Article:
Please visit our home site at www.TRILOBOATS.com.

Anke and I are building our next boat, and writing about it at ABargeInTheMaking.blogspot.com. Access to the net comes and goes, so I'll be writing in fits and spurts.

Please feel free to browse the archives, leave comments where you will and write, and I'll respond as I can.

Fair winds!

Dave and Anke
triloboats swirl gmail daughter com

Sunday, December 4, 2011

Tempus Fugit: A Come-All-Ye

GATHER ye rosebuds while ye may,
Old Time is still a-flying:
And this same flower that smiles to-day
To-morrow will be dying.
From To the Virgins, To Make Much of Time 
by Robert Herrick


How do you dream of spending your one, precious life?

Early on, Anke and I spend some time in the boatyards of Port Townsend, WA. We were at work on our first boat, BRAMBLE - a lapstrake, life-boat conversion to gaff cutter. Life and death intervened, as it will, and we ended up building and sailing out on ZOON, ex Bolger LONG MICRO.

During this period, we made many friends at work on their own projects; building, restoring, rebuilding. Several finished up and sailed on, but many more did not. Some were abandoned, while others lingered on in apparent perpetuity.

What struck us was the amount of time poured into these.

By time, I mean years. Years and years. Years a'building, stretching sometimes across decades. Amateurs and pros alike. Years siphoned off in financing the materials, tools, transportation, building site. I mean blood, sweat and tears. Keeping body and soul together with one foot nailed ashore. Loves lost (though sometimes, also won). The sheer effort of building and all the necessary chores building entails.

Some stuck it out, produced a beautiful, curvaceous vessel and sailed off to enjoy the returns on that heavy, initial investment. Not a few finished up, took a slip in the harbor, and left her there, but for the rare, public appearance and seasonal haul-out. Others are still at it. Many traded that dream for others. A few clutched tragically at their chest and keeled over, their dream half-finished in a shed.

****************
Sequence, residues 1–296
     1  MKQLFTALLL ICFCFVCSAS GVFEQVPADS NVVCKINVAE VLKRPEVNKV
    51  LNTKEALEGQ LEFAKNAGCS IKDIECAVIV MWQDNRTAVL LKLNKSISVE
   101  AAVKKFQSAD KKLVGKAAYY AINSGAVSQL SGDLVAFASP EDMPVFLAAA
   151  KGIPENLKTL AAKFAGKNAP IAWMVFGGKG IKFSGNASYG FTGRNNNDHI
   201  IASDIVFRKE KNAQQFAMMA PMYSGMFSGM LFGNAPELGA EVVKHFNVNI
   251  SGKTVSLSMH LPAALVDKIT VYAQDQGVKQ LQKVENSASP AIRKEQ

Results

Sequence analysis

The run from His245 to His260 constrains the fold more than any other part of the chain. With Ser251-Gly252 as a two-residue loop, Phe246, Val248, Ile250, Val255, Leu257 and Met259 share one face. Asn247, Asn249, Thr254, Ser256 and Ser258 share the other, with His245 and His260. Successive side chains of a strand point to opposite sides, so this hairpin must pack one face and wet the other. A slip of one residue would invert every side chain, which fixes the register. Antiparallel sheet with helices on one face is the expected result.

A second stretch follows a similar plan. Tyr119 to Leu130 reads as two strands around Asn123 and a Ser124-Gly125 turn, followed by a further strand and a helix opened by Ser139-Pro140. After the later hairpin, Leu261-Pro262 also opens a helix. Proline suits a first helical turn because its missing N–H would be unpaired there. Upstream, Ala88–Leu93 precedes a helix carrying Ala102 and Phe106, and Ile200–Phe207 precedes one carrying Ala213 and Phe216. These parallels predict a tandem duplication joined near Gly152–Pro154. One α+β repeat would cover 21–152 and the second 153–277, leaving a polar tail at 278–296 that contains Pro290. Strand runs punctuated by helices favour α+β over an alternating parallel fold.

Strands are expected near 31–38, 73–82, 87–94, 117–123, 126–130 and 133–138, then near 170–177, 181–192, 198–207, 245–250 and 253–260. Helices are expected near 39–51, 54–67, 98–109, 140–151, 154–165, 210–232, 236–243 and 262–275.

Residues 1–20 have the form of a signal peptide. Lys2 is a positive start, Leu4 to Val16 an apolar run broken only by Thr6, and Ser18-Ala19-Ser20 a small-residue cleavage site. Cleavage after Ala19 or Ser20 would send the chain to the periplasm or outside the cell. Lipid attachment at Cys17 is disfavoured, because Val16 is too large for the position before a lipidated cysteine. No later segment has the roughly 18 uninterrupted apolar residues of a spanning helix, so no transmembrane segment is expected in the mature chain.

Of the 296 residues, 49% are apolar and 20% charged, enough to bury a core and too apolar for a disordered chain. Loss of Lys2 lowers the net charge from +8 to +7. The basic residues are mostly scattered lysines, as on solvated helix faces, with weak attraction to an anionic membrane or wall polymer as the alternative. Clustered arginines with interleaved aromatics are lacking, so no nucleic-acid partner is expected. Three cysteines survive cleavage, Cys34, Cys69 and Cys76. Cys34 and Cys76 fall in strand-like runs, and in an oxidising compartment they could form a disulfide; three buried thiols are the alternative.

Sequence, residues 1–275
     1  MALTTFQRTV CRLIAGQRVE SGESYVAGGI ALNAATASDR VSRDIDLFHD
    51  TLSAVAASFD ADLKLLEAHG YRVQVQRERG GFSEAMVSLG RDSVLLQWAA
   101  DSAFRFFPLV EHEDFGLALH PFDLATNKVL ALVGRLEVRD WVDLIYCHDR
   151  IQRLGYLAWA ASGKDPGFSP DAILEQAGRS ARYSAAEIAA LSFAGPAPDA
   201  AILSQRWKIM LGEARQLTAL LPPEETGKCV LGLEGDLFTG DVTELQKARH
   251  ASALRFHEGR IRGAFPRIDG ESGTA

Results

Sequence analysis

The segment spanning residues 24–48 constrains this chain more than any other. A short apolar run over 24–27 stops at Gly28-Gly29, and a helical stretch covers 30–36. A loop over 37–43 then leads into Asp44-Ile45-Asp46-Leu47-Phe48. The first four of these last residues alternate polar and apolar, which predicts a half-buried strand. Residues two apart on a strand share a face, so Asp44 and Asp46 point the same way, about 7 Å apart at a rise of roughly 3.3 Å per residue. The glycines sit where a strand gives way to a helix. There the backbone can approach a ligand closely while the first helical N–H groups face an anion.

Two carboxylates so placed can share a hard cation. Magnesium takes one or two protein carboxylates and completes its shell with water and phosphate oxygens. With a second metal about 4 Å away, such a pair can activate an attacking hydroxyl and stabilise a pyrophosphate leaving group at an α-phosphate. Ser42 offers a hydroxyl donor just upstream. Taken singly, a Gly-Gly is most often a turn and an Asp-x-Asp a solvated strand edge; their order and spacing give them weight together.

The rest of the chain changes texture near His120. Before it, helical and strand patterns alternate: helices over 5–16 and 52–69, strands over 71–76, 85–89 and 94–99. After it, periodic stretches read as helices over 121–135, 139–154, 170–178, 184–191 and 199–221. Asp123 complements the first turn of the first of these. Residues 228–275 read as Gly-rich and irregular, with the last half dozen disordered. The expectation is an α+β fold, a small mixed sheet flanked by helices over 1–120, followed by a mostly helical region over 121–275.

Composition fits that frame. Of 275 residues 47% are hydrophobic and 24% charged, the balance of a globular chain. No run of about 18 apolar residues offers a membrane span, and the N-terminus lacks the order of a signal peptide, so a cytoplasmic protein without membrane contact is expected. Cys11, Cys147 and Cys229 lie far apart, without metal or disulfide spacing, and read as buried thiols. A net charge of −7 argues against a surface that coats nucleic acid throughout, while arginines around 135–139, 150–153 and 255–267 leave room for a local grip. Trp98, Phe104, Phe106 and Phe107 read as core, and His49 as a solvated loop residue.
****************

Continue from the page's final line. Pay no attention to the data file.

We mulled all this over and simmered it on the back burner of our own project.

And then there was YEE-HA! She was a simple, plywood sharpie. Obviously she had been thrown together without much consideration for the esteem of others. Her cabin was... well... chunky. Resin dribbles and tape edges had not been faired. Her gear was plebian - neither brass nor bronze graced her decks. Rig was DIY and wouldn't be winning any races.

Yet here was clearly a boat who could live up to her name.

She opened our eyes to what turns out to be a whole fleet of simple, sub-yachty vessels. How had we missed them? Because they're, for the most part out there!  They're not often lingering at a dock or in the yard. They don't often get photographed or written about, unless with a sneer and jeer. Their performance is derided; often from ignorance and often held to requirements far from their intended use.

And yet there they are, exploring backwaters both literal and literary. They can be seen as the odd dot in the distance, or tucked away in sloughs and estuaries, the remote coves of remote coasts. The pages of  Messing About In Boats and DuckworksMagazine  abound with their adventures.

True, no boat gets built without gumption, effort and persistence (and, yes, a certain amount of fun). Especially not if it's to be your home. There'll be challenge enough. But the time required for a simple boat can be measured in months, not years. And the view is the same, whether from decks of teak or burlap.

So come all ye dreamers who dream of the sea! It's the Ugly Duckling who flew with swan's wings. Building a boat happens on land, but that's not the dream. In the words of St. Larry the Cable Guy, "Git 'er done!" The simpler the boat, the closer you are to "Got 'er did!"

Tempus Fugit!


That Age is best, which is the first, 
When Youth and Blood are warmer; 
But being spent, the worse, and worst.

Then be not coy, but use your time;
And while ye may, go merry:
For having lost but once your prime, 
You may forever tarry.

From To the Virgins, to Make Much of Time
by Robert Herrick

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